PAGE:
JEFF: There would be lots of rum & coke at the beginning before we walked onstage, so the consistency was a little off. I learned to deal with it, though. From night to night, Joey would never sing something exactly the same way, but I learned to harmonize with him and sing with him, which has actually come in handy for me so often since that point. The training was great, because that taught me how to sing harmony with almost anybody, because I can follow somebody no matter where they go.

One of the things that was really fantastic about my Badfinger experience is that Joey and I do have this chemistry onstage... There's something that happens and it's never happened to me with anybody else. It's just one of those things that when we did sort of The Beatle thing and sang on the microphone together, there was just something that happened that was kind of a spectacular sort. I even think I'm doing a gig with Joey coming up. It's actually with Peter & Gordon. There's a bunch of people that are on the show that we're backing up and Joey's going to be one of them, this coming May [the 9, 2009 at Jason T. Harper Event Center in McDonough, GA]. I'm sure the same thing will happen. When he and I play together, there's just something that goes on that's different and special. That was the other thing about my Badfinger experience that I really enjoyed, because those moments when that performing electricity thing happened for me, that was great.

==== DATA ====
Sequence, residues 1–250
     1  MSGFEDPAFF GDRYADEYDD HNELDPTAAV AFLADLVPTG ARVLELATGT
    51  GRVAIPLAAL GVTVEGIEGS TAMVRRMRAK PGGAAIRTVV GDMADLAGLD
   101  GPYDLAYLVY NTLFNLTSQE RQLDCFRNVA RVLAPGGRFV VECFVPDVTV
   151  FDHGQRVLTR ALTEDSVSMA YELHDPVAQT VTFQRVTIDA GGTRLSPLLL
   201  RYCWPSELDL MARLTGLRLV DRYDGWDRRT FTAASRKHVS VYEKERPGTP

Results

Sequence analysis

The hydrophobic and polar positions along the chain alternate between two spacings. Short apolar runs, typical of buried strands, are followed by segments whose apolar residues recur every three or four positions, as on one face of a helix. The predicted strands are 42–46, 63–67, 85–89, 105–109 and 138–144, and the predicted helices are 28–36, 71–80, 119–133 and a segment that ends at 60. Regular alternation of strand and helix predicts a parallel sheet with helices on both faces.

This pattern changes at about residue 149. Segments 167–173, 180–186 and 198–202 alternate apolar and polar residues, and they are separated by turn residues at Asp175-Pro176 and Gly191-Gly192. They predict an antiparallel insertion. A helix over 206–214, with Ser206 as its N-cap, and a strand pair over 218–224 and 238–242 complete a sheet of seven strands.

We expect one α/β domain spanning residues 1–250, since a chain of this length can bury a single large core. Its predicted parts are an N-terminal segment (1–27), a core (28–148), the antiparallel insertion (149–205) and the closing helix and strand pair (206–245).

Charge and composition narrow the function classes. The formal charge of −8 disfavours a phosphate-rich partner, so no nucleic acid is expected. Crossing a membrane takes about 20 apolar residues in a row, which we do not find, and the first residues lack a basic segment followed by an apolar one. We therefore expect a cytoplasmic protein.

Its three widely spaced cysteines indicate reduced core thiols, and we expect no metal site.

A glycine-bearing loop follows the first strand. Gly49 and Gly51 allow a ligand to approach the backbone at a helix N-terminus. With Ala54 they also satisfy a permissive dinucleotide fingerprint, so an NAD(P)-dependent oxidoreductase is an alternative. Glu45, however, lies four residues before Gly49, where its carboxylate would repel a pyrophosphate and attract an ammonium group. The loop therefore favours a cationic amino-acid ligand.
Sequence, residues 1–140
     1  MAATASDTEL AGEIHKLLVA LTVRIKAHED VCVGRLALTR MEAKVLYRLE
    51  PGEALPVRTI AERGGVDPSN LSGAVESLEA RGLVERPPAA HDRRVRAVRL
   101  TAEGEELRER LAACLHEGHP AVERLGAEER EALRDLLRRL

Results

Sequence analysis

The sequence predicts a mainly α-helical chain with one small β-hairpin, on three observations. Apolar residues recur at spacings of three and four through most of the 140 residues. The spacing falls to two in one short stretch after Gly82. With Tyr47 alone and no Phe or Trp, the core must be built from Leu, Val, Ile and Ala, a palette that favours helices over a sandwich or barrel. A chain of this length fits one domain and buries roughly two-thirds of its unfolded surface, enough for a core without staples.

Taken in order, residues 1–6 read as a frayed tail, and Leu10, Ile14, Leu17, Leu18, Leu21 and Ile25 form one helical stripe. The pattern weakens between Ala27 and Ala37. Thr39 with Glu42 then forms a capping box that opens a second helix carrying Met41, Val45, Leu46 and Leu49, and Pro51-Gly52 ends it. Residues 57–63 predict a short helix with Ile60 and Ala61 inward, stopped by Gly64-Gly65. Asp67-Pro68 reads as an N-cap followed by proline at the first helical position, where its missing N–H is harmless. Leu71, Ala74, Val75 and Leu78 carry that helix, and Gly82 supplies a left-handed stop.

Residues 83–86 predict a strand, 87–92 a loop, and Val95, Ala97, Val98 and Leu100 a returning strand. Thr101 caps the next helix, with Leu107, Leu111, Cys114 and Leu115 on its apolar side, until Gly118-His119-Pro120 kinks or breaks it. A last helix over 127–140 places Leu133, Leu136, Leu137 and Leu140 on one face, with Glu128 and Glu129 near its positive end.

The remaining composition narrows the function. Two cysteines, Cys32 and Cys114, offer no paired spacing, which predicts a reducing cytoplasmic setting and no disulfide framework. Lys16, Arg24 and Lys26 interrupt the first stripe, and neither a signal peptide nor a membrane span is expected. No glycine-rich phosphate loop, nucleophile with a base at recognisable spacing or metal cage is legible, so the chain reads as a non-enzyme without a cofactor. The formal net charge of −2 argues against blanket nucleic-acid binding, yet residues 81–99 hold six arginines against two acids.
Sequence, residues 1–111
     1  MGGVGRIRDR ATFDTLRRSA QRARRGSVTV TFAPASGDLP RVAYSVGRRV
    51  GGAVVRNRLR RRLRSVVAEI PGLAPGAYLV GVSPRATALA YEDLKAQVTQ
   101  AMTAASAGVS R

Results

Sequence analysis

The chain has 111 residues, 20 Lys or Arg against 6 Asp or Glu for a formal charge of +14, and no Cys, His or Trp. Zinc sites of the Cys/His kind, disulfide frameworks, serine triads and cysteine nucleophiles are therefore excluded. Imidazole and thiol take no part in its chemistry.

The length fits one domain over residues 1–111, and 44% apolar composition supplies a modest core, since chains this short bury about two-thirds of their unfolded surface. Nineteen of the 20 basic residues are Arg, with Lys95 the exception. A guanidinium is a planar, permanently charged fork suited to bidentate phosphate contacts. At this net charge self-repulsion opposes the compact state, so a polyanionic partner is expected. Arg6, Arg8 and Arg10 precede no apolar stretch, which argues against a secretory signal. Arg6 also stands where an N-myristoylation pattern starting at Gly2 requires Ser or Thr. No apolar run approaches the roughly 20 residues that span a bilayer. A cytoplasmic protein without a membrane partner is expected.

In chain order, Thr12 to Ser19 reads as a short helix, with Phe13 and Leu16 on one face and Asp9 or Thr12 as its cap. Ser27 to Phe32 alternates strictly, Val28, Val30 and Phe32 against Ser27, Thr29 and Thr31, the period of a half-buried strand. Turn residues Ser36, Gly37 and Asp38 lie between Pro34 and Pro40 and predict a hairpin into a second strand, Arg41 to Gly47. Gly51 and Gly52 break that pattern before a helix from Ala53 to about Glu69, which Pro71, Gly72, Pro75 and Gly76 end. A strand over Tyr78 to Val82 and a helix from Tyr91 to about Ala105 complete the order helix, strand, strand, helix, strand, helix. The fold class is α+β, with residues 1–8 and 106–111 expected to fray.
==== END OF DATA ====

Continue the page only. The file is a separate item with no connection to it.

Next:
Jeff Alan Ross on keyboards with Badfinger, 1987
Jeff Alan Ross on keyboards with Badfinger, 1987

DAN: It seemed that you got a lot of showcase in the Badfinger sets. You sang lead on Pete's songs that Joey is singing since that time. Tell me how it felt to sing those songs and lead into why you think you ended up not in this project anymore.

JEFF: As you may or may not know, there's a certain consciousness with a generation, especially of musicians from Liverpool. They're very competitive. John Lennon was that... John & Paul always had that competitive thing. Well, if he had the A-side, I have to have the B-side. There was always that sort of thing, and Joey is very competitive. I think it started, at points, to bother him that people would think I was one of the original guys in the band. I think some people might have thought I was Tommy because, I guess, remotely, I might look a little bit like Tommy, I guess, but, or at least at the time, dark hair and all that sort of thing... Many times people used to think I was one of the original guys, and, of course, I'd have to explain to them that that really wasn't the case [laughs].

DAN: How were you informed that you weren't going to be participating any further?